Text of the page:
The third friend refuses to go gluten-free, and she's 30 years younger than the first friend, 10 years younger than the second. She swears she goes into remission when she's pregnant, and she's due to deliver her second baby any time soon.

I respect each friend's decision as to the route they choose to take.

I had a lot of really strange blood tests when I first went gluten-free, and the medical community had me really freaked out by calling me with referrals to different specialists. All of this added to my anxiety level, which doesn't help anything with an autoimmune disease.

What I wish is that I'd given myself a full year for the diet before agreeing to different blood tests and specialist referrals, and to thank my lucky stars that even though the diet is restrictive and some other food issues emerge temporarily, I by goodness am lucky to have figured it out.

So take a deep breath, relax, if your experience is similar to mine you are going to have a few weird blood draws.

By the way, I finally stuck my heels in the dirt and refused to be referred to a pulmonologist when my primary care doctor called me and said I needed to see a pulmonologist because my blood test results showed I had sarcidosis. After researching that, I finally said "Enough!" (I don't have that.)

I don't know if you're as old as me (I'm in my 50's), but it took me quite awhile to work through other food intolerances and to heal.

For me, I had to give up dairy, soy, corn, all processed foods. And I couldn't do certified gluten-free oats for awhile, will never eat quinoa again because it hurt me so bad. I'm feeling better than I have in years now, and I'm enjoying soy, corn, some processed foods, and oats. That was my journey, your's could be different, but please know I wish you the best. :) Good luck!

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Oops, I still don't do soy, just to clarify.

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Hi Suzi,

I've explored this topic quite a bit, because I was referred to a rheumy about six months after going gluten-free. I've been to multiple specialists and had more blood draws than I can believe. I showed up positive for Mixed Connective Tissue Disease based on my blood test results about six months after going gluten-free.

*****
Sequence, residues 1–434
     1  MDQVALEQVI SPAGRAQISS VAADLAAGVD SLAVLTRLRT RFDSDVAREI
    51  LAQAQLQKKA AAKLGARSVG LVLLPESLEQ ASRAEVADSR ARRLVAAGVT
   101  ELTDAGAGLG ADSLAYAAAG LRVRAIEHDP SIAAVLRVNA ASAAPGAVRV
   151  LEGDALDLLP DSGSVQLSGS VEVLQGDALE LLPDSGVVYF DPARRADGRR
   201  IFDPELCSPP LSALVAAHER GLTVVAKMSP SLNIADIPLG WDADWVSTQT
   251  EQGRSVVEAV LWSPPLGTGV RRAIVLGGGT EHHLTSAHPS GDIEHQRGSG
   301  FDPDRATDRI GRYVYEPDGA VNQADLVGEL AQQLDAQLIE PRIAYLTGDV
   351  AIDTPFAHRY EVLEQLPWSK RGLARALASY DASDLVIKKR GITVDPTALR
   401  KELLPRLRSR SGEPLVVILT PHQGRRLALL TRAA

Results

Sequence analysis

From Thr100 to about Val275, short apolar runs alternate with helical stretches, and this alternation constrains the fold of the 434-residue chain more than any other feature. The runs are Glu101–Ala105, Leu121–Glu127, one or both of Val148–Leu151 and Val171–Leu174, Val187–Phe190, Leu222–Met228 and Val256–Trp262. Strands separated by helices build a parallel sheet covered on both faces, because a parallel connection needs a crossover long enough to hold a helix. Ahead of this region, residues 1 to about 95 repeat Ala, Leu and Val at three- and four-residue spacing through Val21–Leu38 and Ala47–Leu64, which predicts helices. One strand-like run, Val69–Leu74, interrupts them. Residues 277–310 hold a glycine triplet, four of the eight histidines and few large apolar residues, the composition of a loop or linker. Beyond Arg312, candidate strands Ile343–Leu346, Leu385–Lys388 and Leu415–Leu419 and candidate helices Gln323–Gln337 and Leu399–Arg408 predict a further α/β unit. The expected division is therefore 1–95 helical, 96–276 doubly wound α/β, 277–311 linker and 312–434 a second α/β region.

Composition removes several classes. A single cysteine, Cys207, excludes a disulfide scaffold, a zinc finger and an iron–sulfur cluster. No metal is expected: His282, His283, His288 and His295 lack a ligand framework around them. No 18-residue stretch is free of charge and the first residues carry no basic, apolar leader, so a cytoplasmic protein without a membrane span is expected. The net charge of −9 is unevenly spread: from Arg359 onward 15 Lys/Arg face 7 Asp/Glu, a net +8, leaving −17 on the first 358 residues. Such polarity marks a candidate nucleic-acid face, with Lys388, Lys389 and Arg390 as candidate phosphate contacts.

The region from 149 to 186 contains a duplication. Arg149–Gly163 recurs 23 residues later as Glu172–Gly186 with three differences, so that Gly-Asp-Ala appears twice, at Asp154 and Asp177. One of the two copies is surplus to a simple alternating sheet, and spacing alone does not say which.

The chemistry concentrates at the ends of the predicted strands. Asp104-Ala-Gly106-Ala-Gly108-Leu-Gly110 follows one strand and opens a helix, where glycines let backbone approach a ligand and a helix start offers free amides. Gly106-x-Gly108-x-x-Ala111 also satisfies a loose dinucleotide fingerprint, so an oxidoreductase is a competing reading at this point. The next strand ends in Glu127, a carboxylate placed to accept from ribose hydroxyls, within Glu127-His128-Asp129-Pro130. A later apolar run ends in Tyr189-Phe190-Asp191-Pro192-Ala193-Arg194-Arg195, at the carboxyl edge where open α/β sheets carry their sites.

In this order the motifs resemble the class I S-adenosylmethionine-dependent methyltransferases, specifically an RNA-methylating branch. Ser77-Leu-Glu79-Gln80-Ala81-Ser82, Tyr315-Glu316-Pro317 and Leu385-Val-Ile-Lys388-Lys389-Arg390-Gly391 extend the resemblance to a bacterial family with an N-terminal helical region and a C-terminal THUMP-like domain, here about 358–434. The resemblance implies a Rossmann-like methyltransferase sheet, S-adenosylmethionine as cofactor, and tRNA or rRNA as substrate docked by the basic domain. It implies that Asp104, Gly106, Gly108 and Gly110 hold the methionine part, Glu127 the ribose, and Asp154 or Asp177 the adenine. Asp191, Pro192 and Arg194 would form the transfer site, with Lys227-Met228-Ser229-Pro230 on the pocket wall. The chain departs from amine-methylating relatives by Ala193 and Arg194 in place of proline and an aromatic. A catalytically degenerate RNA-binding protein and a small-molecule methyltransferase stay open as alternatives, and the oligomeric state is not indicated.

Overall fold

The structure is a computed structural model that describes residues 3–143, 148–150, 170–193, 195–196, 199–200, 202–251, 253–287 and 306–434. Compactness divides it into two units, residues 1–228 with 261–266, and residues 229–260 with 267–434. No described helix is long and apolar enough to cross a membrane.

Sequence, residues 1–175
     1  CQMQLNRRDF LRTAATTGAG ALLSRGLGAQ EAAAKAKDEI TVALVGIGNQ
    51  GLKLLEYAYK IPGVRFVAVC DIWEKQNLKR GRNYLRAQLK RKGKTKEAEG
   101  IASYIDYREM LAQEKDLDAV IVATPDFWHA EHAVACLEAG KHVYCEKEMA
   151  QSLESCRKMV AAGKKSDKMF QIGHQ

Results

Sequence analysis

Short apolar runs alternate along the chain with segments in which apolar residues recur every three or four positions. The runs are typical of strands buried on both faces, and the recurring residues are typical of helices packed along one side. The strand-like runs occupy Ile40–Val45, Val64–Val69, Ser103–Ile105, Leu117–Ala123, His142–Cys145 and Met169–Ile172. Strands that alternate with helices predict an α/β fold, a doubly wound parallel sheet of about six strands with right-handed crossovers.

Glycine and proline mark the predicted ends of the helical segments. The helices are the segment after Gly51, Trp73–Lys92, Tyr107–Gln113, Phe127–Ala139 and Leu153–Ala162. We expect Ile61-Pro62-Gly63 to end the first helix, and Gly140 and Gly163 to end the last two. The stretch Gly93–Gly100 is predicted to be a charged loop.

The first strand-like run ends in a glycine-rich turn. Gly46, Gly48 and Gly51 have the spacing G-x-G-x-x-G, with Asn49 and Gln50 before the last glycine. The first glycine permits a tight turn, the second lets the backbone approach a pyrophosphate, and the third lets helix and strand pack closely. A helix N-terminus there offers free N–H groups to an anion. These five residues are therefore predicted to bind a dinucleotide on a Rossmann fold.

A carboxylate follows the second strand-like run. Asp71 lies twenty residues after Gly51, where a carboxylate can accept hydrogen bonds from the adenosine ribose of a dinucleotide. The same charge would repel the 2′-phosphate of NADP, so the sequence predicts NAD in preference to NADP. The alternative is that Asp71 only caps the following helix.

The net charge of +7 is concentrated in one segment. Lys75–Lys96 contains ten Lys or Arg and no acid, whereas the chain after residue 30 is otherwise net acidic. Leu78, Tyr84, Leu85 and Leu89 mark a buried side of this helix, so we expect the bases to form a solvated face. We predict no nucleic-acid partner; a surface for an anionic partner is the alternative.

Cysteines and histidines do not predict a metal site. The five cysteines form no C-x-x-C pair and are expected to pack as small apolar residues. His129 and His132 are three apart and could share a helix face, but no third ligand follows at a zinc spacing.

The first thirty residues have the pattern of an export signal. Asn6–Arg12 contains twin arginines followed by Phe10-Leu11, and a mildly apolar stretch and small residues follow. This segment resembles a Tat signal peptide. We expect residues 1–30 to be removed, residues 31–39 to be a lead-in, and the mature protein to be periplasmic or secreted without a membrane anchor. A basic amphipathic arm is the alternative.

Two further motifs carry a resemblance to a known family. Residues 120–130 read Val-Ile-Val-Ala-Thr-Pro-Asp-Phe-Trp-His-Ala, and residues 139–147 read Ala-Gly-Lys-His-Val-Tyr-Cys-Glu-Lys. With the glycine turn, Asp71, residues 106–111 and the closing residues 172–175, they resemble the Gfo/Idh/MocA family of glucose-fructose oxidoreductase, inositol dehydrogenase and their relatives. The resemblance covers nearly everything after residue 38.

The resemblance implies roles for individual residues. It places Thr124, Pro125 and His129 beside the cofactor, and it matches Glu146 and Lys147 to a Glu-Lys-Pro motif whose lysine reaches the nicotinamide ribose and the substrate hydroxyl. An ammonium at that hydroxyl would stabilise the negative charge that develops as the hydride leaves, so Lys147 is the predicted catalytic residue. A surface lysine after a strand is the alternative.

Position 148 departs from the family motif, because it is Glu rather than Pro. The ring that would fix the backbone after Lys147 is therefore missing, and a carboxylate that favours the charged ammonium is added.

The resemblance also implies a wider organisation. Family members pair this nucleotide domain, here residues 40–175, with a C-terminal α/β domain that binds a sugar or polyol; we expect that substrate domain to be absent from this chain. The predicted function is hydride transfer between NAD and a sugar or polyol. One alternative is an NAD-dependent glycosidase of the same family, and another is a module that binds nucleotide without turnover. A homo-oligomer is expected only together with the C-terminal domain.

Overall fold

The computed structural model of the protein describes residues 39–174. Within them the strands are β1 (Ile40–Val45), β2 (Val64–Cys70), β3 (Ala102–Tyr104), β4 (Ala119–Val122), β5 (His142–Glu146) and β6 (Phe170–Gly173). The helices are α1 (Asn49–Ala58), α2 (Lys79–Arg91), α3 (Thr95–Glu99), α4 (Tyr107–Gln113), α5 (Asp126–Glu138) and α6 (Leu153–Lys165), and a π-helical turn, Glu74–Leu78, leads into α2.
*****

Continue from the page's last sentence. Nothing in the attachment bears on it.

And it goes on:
I don't think I have that Autoimmune disease. I'm pretty sure I would have gotten it or Multiple Sclerosis (my first cousin sadly died from it) if I hadn't made the choice to go gluten-free.

I'm not giving medical advice, but I think you have to have the rash to have Lupus. I have 3 close friends with Lupus. Two of them won't go gluten-free, and I respect their decisions. One is not doing well at all. She blames it on living in St. Louis close to the Monsanto plant. Another went gluten-free and raw food. She had the rash and was off the charts with blood tests for Lupus, and she's doing very well now. She pursued getting her masters degree after going gluten-free and raw, and achieved her Master's while working full time. Her bloodwork is within normal limits now too, and she doesn't have the rash.

The third friend refuses to go gluten-free, and she's 30 years younger than the first friend, 10 years younger than the second. She swears she goes into remission when she's pregnant, and she's due to deliver her second baby any time soon.

I respect each friend's decision as to the route they choose to take.

I had a lot of really strange blood tests when I first went gluten-free, and the medical community had me really freaked out by calling me with referrals to different specialists. All of this added to my anxiety level, which doesn't help anything with an autoimmune disease.

What I wish is that I'd given myself a full year for the diet before agreeing to different blood tests and specialist referrals, and to thank my lucky stars that even though the diet is restrictive and some other food issues emerge temporarily, I by goodness am lucky to have figured it out.

So take a deep breath, relax, if your experience is similar to mine you are going to have a few weird blood draws.

By the way, I finally stuck my heels in the dirt and refused to be referred to a pulmonologist when my primary care doctor called me and said I needed to see a pulmonologist because my blood test results showed I had sarcidosis. After researching that, I finally said "Enough!" (I don't have that.)